Suspect in shooting at judge’s home found dead

A lawyer who was found dead Monday is the suspect in a shooting at US District Judge Esther Salas’ North Brunswick home.

Mark Anderl, left, Esther Salas and Daniel Anderl.

Salas’ son was killed and her husband injured in the attack at the family’s home on Sunday. Salas, reported to be in the basement of the home at the time, was unharmed.

The FBI identified Roy Den Hollander as the “primary subject,” after he died of what appears to be a self-inflicted gunshot wound.

The US Attorney’s office said Den Hollander was a lawyer who once argued a case before Salas, according to court records.

In that lawsuit, Den Hollander represented a woman and her daughter who sought to register for the military’s selective service.

Den Hollander’s clients claimed selective service was unconstitutional because it barred women from registering for the draft.

Den Hollander handed the case over to a team of lawyers at Boies Schiller Flexner in June 2019, because he was terminally ill and “would not be able to see the case through,” said Nick Gravante, a managing partner at the New York-based law firm.

The suspect’s body was found in the town of Rockland in Sullivan County, New York, according to Trooper Steven Nevel of New York State Police.

Den Hollander’s split from his Russian bride nearly 20 years ago helped trigger a women-hating tailspin that culminated in his murderous rampage at a female federal judge’s home, according to his ex-wife’s divorce lawyer.

“In my opinion, he was already a controlling, misogynistic, sexist, delusional and disturbed individual before his marriage failed,” lawyer Nicholas J. Mundy told The New York Post. “But my success helping this poor girl thwart his subsequent attempts to control and destroy her in the divorce and immigration context really aided in pushing him over the edge.”

“He really had a terrible hatred for all women — particularly women in power like judges — and he was hellbent on trying to exact revenge on anybody that he thought crossed him,” said Mundy. “He would threaten and say disparaging things about the judges in legal papers and in letters to the court. He didn’t shy away from being unprofessional and speaking his mind in that manner.”

“Anti-feminist” lawyer Roy Den Hollander

Den Hollander might be linked to the July 11 slaying of men’s rights lawyer Marc Angelucci at his California home, in an attack similar to the one at the judge’s home, with the shooter claiming to be a delivery man and opening fire.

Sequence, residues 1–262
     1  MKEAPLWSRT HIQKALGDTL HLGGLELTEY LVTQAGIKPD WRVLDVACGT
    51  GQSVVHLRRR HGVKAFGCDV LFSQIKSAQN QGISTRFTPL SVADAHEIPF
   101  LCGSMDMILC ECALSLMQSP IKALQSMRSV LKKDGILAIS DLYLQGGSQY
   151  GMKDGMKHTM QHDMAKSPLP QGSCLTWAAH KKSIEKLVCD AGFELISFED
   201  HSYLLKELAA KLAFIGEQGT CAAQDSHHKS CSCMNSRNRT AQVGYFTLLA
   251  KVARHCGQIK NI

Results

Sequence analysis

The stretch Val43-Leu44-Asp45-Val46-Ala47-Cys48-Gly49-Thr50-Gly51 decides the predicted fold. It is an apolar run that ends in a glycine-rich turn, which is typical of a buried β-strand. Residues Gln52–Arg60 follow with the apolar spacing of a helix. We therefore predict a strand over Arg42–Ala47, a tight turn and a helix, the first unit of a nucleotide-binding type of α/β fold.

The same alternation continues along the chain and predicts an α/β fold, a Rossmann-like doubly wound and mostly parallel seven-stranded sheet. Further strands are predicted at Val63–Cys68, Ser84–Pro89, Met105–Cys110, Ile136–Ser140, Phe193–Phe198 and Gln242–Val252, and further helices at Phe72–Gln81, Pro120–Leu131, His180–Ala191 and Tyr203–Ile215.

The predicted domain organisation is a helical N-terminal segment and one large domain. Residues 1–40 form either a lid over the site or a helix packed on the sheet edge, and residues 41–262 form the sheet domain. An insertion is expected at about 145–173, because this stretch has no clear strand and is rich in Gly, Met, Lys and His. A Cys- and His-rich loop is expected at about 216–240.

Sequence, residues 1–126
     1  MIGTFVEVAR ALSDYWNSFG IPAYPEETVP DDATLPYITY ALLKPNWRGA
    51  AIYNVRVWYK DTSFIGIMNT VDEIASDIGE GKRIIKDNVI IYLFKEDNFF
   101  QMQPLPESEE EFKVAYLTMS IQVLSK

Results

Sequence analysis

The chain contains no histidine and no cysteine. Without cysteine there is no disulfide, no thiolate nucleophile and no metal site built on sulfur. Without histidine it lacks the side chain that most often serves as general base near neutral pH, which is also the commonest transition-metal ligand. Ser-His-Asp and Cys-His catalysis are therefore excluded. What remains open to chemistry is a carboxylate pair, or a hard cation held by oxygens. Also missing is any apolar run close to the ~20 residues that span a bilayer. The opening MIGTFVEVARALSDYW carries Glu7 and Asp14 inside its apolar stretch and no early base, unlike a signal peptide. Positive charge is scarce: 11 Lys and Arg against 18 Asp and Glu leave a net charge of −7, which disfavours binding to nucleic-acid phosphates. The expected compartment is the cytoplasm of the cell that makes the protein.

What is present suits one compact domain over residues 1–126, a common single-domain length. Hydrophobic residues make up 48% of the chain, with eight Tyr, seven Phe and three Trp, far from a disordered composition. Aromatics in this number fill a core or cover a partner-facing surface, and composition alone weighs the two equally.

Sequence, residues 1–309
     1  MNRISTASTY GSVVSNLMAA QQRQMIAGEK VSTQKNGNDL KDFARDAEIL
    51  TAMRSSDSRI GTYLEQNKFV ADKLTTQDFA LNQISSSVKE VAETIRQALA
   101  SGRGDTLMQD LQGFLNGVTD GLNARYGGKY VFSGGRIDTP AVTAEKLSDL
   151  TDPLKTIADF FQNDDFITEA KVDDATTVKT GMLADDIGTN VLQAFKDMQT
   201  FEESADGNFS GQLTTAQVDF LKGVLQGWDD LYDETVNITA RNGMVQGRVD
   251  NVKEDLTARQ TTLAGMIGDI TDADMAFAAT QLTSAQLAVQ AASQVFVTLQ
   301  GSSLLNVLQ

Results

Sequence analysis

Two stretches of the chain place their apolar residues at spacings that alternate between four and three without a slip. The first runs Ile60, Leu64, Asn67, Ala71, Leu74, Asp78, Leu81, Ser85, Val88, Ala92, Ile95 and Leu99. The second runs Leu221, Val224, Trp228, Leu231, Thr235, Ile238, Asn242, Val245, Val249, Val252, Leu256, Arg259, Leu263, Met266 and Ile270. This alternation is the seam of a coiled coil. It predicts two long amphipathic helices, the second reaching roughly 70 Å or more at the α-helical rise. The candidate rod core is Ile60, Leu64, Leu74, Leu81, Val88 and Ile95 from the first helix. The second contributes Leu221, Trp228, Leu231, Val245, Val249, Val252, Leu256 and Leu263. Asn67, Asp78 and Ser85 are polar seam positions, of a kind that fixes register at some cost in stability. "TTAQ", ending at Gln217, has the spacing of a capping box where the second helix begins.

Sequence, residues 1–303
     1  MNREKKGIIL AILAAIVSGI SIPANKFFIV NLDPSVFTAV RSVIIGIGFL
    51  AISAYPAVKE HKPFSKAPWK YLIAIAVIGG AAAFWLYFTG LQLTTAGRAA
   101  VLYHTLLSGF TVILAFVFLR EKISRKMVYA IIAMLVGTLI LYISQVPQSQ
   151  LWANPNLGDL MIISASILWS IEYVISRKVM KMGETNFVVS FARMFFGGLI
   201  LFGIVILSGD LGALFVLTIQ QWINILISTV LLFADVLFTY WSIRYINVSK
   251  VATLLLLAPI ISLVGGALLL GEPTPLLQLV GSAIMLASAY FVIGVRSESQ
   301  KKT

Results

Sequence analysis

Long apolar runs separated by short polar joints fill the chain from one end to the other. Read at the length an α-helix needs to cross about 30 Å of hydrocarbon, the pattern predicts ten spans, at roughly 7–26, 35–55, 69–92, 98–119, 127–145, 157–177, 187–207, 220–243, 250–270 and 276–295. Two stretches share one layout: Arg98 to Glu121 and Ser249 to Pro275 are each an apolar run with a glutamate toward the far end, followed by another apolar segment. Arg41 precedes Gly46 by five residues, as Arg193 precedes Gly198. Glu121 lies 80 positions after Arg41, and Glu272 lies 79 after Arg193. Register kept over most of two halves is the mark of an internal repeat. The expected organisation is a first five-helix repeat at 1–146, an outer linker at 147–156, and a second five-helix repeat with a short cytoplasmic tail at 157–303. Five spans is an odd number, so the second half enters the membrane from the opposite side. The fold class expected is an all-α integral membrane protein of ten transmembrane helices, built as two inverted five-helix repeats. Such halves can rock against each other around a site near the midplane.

Angelucci, 52, was vice president of the National Coalition for Men, which states on its website it is “committed to ending harmful discrimination and stereotypes against boys, men, their families and the women who love them.”

Harry Crouch, who heads the San Diego-based coalition, said he kicked Den Hollander out of the organization seven years ago because he became upset about being left out of a lawsuit that Angelucci had filed.

Hollander, 72 and dying of melanoma, kept on practicing law to his final months, filing far-fetched discrimination lawsuits challenging clubs’ ladies’ nights, Columbia University’s women’s studies program, and news organizations over what he called biased coverage.

In a January email to reporters titled “How Not to Treat a Dying Man,” Hollander wrote that he was “painfully dying from metastasized cancer,” and suing New York Presbyterian Hospital, its lawyers and his doctor under the Racketeer Influenced and Corrupt Organizations Act.

The judge’s son, Daniel Anderl, a 20-year-old student at Catholic University, was killed in the shooting, and Mark Anderl, the judge’s husband and a defense attorney, was injured. Salas was unharmed, Wolfson said.

Mark Anderl was in stable condition after his second surgery but sources said the judge’s husband will need another operation.

Nominated by President Barack Obama, Salas became New Jersey’s first Latina US District Court judge in 2011 after she was confirmed by the Senate and she has presided over several high-profiles cases

The FBI wants anyone with information about the case to call its Newark office at 973-792-3001.

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